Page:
Arlene Favier is a fictional character and she tells for us the story of the brave women who formed the American Women’s Hospital during World War I. Starting in Kentucky horse country, MERCY ROAD leads us from the privileged but hard working stud farm owners to the soldiers and ambulance drivers across the muddy fields of war-torn Europe.
Why would Arlene leave a happy and comfortable home for one of the most dangerous jobs open to women? Well, she didn’t know it would be that tough. Her family’s home burns down at the start of the story, and her beloved father is killed; then it turns out he has made a few unwise decisions and the family is short of money. Arlene has to seek work, but there isn’t much of it going. She can start in a factory in a nearby city, or make use of the fact that she’s able to speak French and well educated, and can drive. The American Women’s Hospital, little known and desperate for stable volunteers, will pay her a decent wage and a bonus if she stays to the war’s end. However long that might be. Arlene thinks an ambulance driver will be well away from front-line danger, and nobody tells her otherwise.
I love the strong cover of this book, and the evocative atmosphere of the tale, which quickly immerses us in shelling, potholes, hospital scenes and desperation. The American Women’s Hospital is little known here and we are told these women stayed on after the war ended, setting up hospitals and providing medical care to locals, just as they did anywhere behind the lines during the awful conflict. To follow one young woman is to understand the sudden allure of a forbidden romance, the uneasiness of pursuit by an unbalanced officer, the quandary of truth or betrayal. Ann Howard Creel also tells us plenty about the horse breeding scene at that time and shows how quickly people could fall from being society’s darlings to not quite respectable.
Ann Howard Creel explains that she had never heard of the Hospital movement and found the story so compelling that she had to learn all the details and write about this time. She lives in Austin, Texas, and has penned several historical novels, including An Uncertain Season about living through the hurricane in 1900 that ravaged Galveston Island. I expect I’ll be picking up more of her books any time I see them.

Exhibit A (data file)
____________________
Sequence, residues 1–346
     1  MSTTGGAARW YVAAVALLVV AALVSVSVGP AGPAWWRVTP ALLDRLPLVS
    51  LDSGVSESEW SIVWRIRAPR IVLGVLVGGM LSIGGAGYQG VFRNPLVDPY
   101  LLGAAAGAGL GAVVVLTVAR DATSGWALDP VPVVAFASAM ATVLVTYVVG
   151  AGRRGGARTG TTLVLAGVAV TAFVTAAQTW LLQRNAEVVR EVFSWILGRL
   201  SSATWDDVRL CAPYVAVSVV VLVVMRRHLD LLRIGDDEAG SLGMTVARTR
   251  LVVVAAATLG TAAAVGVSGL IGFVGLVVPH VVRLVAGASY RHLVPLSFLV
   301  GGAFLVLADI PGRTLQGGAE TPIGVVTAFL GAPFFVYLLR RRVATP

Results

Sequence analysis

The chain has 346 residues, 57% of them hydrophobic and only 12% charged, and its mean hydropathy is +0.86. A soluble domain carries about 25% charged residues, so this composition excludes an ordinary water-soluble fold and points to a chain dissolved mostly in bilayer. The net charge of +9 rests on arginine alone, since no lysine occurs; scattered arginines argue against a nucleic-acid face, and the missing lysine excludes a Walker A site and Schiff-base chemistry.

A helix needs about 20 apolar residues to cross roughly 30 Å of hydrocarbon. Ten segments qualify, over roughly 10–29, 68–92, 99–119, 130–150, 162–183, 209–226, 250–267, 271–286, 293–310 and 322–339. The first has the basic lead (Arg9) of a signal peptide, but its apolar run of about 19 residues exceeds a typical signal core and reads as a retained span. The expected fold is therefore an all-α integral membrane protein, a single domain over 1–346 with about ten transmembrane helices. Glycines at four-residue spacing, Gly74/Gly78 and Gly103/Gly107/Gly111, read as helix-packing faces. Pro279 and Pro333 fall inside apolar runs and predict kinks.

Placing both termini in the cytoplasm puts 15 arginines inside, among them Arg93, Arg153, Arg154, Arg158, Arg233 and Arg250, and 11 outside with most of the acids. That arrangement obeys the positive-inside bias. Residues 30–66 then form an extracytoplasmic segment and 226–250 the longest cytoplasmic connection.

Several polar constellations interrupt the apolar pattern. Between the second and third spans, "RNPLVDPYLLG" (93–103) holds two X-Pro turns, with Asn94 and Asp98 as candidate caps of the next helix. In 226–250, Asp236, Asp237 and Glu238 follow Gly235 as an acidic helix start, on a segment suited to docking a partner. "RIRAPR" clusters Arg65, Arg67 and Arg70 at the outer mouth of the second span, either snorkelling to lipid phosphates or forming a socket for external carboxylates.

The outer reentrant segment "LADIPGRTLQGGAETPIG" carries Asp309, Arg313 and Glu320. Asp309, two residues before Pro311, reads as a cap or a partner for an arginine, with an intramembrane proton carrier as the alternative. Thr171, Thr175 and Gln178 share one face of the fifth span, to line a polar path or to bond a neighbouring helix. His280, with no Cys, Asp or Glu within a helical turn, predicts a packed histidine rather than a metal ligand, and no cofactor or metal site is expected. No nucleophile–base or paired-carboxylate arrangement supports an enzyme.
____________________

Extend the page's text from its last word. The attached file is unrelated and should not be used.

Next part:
Inspired by the true story of the World War I American Women’s Hospital, Mercy Road is a novel about love, courage, and a female ambulance driver who risks everything.
In 1917, after Arlene Favier’s home burns to the ground, taking her father with it, she must find a way to support her mother and younger brother. If she doesn’t succeed, they will all be impoverished. Job opportunities are scarce, but then a daring possibility arises: the American Women’s Hospital needs ambulance drivers to join a trailblazing, all-female team of doctors and nurses bound for war-torn France.
On the front lines, Arlene and her fellow ambulance drivers work day and night to aid injured soldiers and civilians. In between dangerous ambulance runs, Arlene reunites with a childhood friend, Jimmy Tucker, now a soldier, who opens her heart like no one before. But she has also caught the attention of Felix Brohammer, a charismatic army captain who harbors a dark, treacherous secret.
To expose Brohammer means risking her family’s future and the promise of love. Arlene must make a choice: stay in the safety of silence or take the greatest chance of her life.